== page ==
Walmart, which declined to comment for this story, has said elsewhere that its stores will always respect local laws and ordinances on gun sales. But in 2005, Walmart was busted by Bill Lockyer, then the California attorney general, for thousands of state gun law violations—including selling to people that the AG’s office had notified Walmart were prohibited from owning firearms; delivering guns to customers before they passed a background check; and sometimes even failing to ascertain a customer’s identity. The company settled the suit for $14.5 million.

And, of course, Walmart has contributed to efforts to change state gun laws and make the possession and use of firearms even easier. It was one of the key backers of the American Legislative Exchange Council when the group aggressively pushed “stand your ground” laws in states across the country. (Walmart has since dropped out of ALEC under public pressure.) 

In 2008, the store reached an agreement with Mayors Against Illegal Guns to adopt tough new standards for sales above the federal requirements for gun retailers. But even if every regulation is adhered to, the mass sale of weapons and ammunition will undoubtedly contribute to this country’s horrifying gun violence problem. 

In fact, Walmart is increasingly popping up in court documents. In 2011, on the morning that he killed six people, including a federal judge, and injured thirteen others, including Representative Gabrielle Giffords, Jared Lee Loughner went to two Walmarts in Tucson in search of ammunition. He was turned away at one store for “strange behavior,” according to police, but got what he was looking for at the next Walmart. (“We share in the sadness for those people whose lives were ended too soon,” the store said in a statement at the time.)

In November, a disturbed 20-year-old in Missouri was arrested for planning mass shootings at a screening of the new Twilight movie and at the local Walmart—the latter because he could reload there. “He decided that he would go and shoot people at Walmart in Bolivar,” according to the court documents. “He would walk into the store and just start shooting people at random and if he ran out of ammunition…he would just break the glass where the ammunition is being stored and get some more and keep on shooting until police arrived.”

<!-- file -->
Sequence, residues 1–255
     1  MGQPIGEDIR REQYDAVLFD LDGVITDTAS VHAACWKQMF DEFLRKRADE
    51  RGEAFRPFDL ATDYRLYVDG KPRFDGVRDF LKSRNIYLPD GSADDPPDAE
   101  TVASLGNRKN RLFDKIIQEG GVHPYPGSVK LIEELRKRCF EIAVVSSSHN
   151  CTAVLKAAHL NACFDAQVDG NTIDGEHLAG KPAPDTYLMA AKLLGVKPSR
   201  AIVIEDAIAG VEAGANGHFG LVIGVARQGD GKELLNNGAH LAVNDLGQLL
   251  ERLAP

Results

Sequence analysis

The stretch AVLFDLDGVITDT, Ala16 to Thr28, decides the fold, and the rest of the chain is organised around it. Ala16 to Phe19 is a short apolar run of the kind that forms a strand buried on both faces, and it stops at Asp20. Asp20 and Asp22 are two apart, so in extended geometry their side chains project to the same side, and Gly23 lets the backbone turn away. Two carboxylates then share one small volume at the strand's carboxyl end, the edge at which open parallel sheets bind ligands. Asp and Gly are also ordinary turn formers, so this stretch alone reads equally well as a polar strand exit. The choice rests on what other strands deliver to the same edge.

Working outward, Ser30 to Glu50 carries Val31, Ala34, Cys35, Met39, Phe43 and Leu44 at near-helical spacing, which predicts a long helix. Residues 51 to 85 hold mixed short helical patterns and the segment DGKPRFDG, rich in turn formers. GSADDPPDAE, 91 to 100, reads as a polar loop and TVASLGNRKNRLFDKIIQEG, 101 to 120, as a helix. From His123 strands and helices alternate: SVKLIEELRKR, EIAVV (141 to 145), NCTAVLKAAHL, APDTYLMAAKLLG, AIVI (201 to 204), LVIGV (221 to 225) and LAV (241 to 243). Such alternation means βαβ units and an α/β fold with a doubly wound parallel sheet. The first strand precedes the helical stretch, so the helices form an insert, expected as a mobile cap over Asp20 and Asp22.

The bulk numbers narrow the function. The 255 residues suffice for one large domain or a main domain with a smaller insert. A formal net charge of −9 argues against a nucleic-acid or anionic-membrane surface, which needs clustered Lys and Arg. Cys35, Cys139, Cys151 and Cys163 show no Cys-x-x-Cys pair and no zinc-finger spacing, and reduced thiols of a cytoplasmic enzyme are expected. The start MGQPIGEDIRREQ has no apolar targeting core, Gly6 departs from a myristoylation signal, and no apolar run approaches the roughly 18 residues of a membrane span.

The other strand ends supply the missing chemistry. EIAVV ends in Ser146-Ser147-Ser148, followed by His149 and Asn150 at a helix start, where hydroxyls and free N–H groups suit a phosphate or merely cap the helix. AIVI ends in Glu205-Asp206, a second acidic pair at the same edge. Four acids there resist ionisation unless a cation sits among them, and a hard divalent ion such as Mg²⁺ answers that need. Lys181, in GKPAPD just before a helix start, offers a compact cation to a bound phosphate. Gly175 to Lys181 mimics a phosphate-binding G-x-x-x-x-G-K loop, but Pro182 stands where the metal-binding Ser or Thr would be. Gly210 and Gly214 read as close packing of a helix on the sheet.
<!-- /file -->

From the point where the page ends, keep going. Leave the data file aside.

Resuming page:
Local news reports are rife with stories of gun thefts at Walmart stores, often apparently because of lax oversight of the weapons inventory. In October, a man and a woman cracked open a display case at a Walmart store in Tyler, Texas, “while a clerk wasn’t looking,” according to local reports, and stole four assault rifles. The two have yet to be apprehended.

A week earlier, at a Walmart in Missoula County, Montana, a clerk was showing a Sig Sauer semiautomatic rifle to a man who then “grabbed it and ran for the store’s entrance,” according to the charging documents. The police nabbed him a short time later, after he had tossed the AR-15 from his car. In early November, police in Summerville, South Carolina, were on the lookout for suspects in incidents at two separate Walmarts, where display cases had been smashed with a hammer and the AR-15s and other assault rifles inside them stolen. And these are just a few of the incidents involving guns or ammunition at Walmart in the past two months. Since the start of 2012, there have been at least fifty shootings in a Walmart store or parking lot, incidents tracked on a blog called Walmart Shootings (

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The possibility that South Bend could end up on that list once again is what has the Reverend Brown so alarmed. For forty-eight years, he has lived with his mother, Bertha, a retired schoolteacher, in a house less than a mile from a Walmart. The neighborhood is a rough one, and he’s seen it get worse; Brown said that the locals sometimes call it Babylon, “because ain’t nothing righteous.”